When I was in eighth grade, there was a boy in our school named Billy whose mother had died the year before. It was a little awkward and it was a subject to be avoided, but it was as workable as it could be for kids that age. But in eighth grade, Billy’s father also died when their house burned down. Billy went to live with his grandmother and she did the best she could for him. He continued to go to our school. What had been an awkward, but workable, presence around him was now much harder. What could anyone say? How could we relate? We could not. Billy persevered fairly well, all things considered. But he could never be the same. Billy’s life trajectory had changed dramatically in less than two years.

If we live long enough we will each experience some suffering in our life (and it usually doesn’t take very long). It spares no one and respects neither the privileged nor those in pitiful circumstances. To be sure, we do not suffer equally. But the universality of human suffering is a subject which all the major religions and philosophies of the world agree. And it may be the only topic that can claim that distinction.  Yes, indeed, we all suffer at least a little.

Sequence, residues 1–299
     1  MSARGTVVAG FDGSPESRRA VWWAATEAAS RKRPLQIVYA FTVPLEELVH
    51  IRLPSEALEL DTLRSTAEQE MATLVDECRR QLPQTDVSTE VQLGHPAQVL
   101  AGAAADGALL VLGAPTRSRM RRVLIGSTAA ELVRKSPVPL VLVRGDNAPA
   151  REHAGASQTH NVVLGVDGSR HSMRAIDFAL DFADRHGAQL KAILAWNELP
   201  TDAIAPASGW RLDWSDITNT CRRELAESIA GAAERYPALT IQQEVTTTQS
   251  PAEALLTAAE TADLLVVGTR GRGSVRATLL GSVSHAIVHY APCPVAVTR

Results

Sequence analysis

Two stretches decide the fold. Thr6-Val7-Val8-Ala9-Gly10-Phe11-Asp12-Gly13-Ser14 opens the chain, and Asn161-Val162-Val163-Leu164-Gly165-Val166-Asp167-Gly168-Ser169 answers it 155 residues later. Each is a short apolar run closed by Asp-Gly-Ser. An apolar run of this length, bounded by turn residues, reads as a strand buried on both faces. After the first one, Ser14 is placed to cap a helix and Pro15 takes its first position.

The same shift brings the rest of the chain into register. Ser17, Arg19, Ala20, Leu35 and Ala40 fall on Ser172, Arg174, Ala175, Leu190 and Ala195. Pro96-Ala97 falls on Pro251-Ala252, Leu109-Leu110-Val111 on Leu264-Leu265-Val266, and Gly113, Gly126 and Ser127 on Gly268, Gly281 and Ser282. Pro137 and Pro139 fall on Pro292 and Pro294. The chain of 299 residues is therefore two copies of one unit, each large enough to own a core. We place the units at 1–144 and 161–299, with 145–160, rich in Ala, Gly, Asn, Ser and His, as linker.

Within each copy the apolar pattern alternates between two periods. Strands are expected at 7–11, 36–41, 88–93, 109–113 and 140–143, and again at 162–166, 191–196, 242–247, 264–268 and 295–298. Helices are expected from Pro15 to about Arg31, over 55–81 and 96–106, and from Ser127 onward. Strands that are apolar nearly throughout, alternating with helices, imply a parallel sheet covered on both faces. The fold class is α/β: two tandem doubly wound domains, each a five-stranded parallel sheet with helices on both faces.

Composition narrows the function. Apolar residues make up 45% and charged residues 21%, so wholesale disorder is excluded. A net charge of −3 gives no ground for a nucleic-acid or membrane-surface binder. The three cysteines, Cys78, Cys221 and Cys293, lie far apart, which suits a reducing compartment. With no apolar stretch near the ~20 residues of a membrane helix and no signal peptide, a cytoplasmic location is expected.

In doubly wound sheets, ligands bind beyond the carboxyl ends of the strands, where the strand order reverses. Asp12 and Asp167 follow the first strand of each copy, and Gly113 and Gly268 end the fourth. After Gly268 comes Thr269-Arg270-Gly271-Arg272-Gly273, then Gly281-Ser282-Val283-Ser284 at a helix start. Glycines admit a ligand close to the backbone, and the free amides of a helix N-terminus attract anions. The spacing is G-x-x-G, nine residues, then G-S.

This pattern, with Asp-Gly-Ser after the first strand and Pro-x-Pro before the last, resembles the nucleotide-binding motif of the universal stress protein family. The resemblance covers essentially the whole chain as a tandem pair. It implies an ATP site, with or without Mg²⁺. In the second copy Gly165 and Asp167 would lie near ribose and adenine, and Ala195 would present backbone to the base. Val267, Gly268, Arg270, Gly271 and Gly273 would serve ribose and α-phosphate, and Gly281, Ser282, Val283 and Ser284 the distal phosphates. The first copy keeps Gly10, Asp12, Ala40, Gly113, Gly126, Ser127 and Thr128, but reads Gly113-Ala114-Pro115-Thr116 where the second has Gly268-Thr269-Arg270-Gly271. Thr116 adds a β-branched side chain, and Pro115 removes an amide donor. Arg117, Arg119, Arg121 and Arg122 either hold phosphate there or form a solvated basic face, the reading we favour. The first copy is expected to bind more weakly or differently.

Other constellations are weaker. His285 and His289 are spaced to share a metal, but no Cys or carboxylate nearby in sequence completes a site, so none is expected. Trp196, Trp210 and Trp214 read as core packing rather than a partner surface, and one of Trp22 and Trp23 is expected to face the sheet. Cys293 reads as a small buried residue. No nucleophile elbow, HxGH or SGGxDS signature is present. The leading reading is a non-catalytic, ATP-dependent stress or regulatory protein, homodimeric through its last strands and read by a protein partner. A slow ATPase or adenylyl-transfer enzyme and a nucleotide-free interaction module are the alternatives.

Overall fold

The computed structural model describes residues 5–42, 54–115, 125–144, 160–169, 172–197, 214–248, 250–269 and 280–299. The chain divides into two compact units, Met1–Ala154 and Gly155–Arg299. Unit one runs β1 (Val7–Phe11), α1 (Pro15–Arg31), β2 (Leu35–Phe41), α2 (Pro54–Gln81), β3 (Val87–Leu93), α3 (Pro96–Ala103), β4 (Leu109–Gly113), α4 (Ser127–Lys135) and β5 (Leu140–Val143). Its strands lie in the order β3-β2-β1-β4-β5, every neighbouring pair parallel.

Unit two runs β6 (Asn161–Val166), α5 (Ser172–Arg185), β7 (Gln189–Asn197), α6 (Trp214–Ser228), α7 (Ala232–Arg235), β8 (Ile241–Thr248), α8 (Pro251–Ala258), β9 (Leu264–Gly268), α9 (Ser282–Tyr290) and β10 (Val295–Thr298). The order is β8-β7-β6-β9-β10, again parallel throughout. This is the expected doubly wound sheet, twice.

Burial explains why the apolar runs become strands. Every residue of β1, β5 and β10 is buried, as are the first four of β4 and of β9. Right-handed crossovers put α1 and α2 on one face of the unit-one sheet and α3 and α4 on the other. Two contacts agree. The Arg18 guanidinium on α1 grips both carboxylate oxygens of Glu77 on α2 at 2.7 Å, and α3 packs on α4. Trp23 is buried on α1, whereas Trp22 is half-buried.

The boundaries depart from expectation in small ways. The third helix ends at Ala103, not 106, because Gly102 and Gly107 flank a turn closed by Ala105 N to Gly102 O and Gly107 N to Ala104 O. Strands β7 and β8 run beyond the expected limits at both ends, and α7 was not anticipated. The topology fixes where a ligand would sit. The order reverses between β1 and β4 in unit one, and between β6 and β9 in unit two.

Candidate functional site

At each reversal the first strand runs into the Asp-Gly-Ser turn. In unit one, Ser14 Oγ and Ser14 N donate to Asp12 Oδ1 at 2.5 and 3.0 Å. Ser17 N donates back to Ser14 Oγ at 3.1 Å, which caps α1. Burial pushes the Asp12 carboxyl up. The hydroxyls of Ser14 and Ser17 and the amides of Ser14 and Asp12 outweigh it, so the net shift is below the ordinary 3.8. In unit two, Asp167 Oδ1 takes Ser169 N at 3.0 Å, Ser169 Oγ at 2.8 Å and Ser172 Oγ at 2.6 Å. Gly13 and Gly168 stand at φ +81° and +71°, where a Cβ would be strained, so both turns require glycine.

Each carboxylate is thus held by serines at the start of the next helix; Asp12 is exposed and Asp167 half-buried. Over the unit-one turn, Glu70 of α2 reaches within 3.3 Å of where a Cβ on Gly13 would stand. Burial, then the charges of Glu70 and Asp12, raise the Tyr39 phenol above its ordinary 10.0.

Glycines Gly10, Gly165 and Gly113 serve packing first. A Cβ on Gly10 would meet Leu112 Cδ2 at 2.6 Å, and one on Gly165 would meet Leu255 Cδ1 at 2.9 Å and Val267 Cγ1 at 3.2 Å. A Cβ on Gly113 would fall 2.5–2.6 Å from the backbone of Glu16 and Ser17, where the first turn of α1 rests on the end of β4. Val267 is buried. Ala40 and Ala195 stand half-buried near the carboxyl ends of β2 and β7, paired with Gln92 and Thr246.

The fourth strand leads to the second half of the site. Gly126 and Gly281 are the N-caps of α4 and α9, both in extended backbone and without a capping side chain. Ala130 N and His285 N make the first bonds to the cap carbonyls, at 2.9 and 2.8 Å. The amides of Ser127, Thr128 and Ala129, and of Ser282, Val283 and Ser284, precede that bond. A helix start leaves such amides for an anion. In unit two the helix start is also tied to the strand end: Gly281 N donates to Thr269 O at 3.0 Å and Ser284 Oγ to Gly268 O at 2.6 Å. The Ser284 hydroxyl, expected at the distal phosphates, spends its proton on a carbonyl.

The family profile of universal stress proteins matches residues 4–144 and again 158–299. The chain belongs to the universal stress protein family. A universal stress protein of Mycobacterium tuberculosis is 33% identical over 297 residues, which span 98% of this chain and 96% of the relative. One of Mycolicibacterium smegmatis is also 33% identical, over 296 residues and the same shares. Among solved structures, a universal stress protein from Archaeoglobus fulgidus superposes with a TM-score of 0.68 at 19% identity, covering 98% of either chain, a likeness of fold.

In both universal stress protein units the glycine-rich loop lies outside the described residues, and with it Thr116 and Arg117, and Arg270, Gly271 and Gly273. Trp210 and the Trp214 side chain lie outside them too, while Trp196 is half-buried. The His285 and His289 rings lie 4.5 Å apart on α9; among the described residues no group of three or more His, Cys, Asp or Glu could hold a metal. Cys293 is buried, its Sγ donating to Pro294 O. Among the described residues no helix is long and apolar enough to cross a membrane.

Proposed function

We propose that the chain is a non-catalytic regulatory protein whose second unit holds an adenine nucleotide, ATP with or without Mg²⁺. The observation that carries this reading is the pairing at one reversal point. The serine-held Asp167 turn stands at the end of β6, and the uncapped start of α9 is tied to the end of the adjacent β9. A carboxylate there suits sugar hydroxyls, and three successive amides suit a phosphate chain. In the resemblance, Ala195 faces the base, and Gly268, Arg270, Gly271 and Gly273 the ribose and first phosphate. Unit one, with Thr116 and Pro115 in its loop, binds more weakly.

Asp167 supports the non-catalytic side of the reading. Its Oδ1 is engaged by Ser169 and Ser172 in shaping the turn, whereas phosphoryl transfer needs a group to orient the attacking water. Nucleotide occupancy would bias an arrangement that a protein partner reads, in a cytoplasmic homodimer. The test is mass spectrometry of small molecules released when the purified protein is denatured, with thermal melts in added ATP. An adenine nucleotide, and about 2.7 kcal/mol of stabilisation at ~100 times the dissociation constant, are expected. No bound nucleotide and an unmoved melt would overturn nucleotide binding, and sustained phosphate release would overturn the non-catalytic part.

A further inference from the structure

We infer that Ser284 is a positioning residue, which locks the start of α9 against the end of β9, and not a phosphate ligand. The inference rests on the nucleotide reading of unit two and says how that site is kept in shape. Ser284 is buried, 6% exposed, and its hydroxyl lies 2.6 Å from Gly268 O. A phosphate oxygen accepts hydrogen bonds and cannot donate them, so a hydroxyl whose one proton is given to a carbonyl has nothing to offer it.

The stories in the Bible present many types of struggle and suffering but none are more poignantly  portrayed than Job. The poetic structure of Job as  tragedy literature is well-studied and I find this interesting. But in chapters 4 through 7, my thoughts are directed more to experiences in my life and the lives of others I have observed. I think of Job as president of the Job Club; the club all of us end up in sooner or later. The club where admission requires nothing more than being human and experiencing some suffering.

One more thing Job lost